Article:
13

Why do some people cycle with their knees sticking out to the side instead of parallel to the frame?

  • 4
    What research have you done? A one-line question suggests a low level of effort. Consider using Edit to expand your question. – Criggie Nov 2 '16 at 10:24
  • 1
    Could be either. A lot of people have bikes that would reduce this with some adjustments (different Q-factors, use of clipless pedals, etc.). – Batman Nov 2 '16 at 10:34
  • 4
    Quite often it's because the seat is too low. – Daniel R Hicks Nov 2 '16 at 11:28
  • 1
    I don't think it's because of physiology. I haven't really ever seen anyone over the age of four do that here in The Netherlands (except in cases where the bike was obviously too small or the saddle was obviously too low). – Jasper Nov 2 '16 at 18:58
  • 1
    Conversely, I've seen a lot of riders pedal with knees rotated slightly inwards, towards the top tube. I've attributed both cases to poor technique and mismatched bike geometry. Many riders probably don't know better. – zahbaz Nov 2 '16 at 19:20
30

Based on the people I've seen riding, knees-apart is a symptom.

  • New rider - it takes time to develop a good pedal stroke, and some people haven't got there.

  • Saddle too low - If your position is really bad, then the knees instinctively separate. I have no idea why - try riding a way-small bike. Relates to....

  • Posture - riders who might remember the Moon Landings might be expecting to sit up quite straight (ie Dutch-style bikes) where the back is almost vertical. To do that on a modern hybrid bike needs a low saddle, which encourages the knees apart.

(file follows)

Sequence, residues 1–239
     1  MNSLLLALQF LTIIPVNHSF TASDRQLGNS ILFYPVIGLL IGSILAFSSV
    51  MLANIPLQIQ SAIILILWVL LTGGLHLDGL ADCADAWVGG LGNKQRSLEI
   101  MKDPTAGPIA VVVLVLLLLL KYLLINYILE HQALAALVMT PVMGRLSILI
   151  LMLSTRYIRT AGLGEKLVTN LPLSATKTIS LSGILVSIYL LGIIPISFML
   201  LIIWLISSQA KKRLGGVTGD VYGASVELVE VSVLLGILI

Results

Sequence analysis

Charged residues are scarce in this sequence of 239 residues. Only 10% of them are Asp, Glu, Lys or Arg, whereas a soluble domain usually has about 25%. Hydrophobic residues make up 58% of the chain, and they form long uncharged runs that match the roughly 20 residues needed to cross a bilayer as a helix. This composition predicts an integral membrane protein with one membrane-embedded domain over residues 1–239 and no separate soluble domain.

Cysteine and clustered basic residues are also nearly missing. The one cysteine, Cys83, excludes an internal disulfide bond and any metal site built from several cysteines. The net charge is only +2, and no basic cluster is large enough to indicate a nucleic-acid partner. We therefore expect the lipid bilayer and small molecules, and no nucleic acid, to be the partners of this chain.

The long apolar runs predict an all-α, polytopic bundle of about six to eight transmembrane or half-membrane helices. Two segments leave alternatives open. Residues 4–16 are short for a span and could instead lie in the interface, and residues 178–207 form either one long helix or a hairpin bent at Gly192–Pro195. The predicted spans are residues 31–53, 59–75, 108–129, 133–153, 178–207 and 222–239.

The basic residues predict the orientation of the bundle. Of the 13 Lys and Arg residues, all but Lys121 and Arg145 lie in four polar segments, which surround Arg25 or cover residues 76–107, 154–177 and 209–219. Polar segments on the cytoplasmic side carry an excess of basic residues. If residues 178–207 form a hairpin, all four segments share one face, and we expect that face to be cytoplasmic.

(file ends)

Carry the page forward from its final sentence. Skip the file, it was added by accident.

• Fear of falling - Saddles can be set down by riders who want to put their whole foot flat on the road while stopped. Yes this is a saddle-too-low, but the root cause is poor balance, or a perception of the same.

  • Beer gut - I was over 100 kilos when started riding seriously on a road bike, and to use the drops I had to be standing out of the saddle, else the belly and the upper thighs tried to occupy the same space. Even a minor tum will affect the upper thigh and where the skin folds to the lower tummy (technical term anyone?)

  • Thunder Thighs - related to the stomach one above, but simply lower. If the rider's thighs are a bit thick, then repeated rubbing on the sides of the saddle's nose may be an irritant and drive their thighs apart. Chaffing is no fun.

  • An unfortunate choice of clothing? I've done rides where something wasn't sitting quite right, and to alleviate irritation have sat up or rearranged things like seams. This would be a more temporary situation.

  • Moisture - poor clothing choices can build up sweat in all sorts of places. Dampness could also come from rain or from road water and poor mudguards/fenders leading to damp clothes.

  • History - riders who have come from a MTB or BMX background may be subconsciously prepared to stick a foot out and dab. That's where they do a light touch on the ground to help with balance on a corner.

  • Speed - Sitting up and spreading yourself out catches more air to slow you down. If you're going too fast then this is one way to reduce speed. Again, more subconscious than planned.